I've resigned from two jobs - quite recently - due to concerns about patient care and not being prepared to cut corners or put people at risk. Both were relatively lowly positions and both in the private sector (one a recently privatised service); if I can do it I don't see why the upper echelons should be exempt from having a conscience and taking responsibility for their actions or lack thereof.

    If you take the salary, you take whatever responsibility goes with that job. If Chief Nurses or whoever know that patients are being at risk and they fail to do anything about it then they should consider their position or be prepared to take the consequences if things were to go wrong!

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  • Anonymous | 12-Nov-2013 3:32 pm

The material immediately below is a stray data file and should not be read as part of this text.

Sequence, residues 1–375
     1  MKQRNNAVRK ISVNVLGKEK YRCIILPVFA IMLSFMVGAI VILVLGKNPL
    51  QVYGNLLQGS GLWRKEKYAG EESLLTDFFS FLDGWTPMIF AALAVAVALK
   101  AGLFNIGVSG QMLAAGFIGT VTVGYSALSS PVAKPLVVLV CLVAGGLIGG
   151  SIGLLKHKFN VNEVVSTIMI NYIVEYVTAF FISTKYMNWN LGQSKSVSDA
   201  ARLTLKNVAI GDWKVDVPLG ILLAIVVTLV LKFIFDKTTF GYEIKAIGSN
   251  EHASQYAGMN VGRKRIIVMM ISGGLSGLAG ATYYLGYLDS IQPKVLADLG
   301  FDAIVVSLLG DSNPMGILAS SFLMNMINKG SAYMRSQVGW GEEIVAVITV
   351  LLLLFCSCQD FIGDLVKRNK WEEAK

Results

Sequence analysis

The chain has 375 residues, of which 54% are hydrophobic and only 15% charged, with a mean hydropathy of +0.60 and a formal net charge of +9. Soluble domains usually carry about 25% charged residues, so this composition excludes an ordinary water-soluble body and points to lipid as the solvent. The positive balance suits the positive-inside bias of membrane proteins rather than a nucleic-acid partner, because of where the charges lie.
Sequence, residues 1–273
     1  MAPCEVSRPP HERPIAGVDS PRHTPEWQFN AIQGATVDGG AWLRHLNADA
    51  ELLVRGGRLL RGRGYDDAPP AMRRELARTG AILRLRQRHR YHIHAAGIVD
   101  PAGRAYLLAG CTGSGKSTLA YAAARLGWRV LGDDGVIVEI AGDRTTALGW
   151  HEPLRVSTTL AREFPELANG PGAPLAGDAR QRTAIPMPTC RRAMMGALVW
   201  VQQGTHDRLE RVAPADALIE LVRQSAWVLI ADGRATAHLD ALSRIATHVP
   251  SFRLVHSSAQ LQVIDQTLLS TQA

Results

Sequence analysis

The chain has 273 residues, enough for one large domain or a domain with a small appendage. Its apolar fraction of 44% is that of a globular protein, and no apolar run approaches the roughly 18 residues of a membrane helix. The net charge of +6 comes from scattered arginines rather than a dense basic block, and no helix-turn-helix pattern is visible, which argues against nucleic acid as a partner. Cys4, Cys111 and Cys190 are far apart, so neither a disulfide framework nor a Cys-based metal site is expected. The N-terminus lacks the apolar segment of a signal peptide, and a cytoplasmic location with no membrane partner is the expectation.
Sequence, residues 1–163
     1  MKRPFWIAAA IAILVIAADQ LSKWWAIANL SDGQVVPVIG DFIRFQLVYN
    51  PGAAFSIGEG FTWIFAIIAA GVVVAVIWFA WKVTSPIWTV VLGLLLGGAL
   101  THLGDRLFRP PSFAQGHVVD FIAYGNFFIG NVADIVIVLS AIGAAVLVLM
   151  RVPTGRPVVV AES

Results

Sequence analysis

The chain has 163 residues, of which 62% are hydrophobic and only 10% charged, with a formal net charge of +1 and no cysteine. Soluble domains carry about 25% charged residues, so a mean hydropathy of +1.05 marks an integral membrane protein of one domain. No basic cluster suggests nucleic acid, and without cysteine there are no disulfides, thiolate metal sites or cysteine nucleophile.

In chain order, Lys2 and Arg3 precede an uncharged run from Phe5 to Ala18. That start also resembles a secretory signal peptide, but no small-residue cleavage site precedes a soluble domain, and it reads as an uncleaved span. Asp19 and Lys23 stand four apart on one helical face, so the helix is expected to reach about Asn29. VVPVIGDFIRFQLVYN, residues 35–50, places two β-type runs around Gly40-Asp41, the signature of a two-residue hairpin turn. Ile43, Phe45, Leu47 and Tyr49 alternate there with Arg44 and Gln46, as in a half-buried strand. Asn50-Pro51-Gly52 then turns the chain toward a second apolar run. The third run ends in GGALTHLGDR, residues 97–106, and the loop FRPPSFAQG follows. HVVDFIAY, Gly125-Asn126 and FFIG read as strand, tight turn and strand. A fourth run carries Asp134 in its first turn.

It is easy to have principles and pass an opinion when you are in a position of no jeopardy. Not many put their money where their mouth is....or have to.

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  • Directors of nursing in the future won't be nurses, and the NMC will have no power anyway

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  • michael stone

    Anonymous | 12-Nov-2013 3:32 pm

    Good on you - you've clearly got a strong sense of right and wrong. I applaud you.

    If you are old enough, you might remember that Lord Carrington resigned from Goverment apparently not because he thought he had directly made a mistake, but because 'mistakes were clearly made on my watch'. I don't think any other minister has done that more recently, though, so far as I can remember.

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  • tinkerbell

    Anonymous | 13-Nov-2013 0:00 am

    Exactly! Well spotted.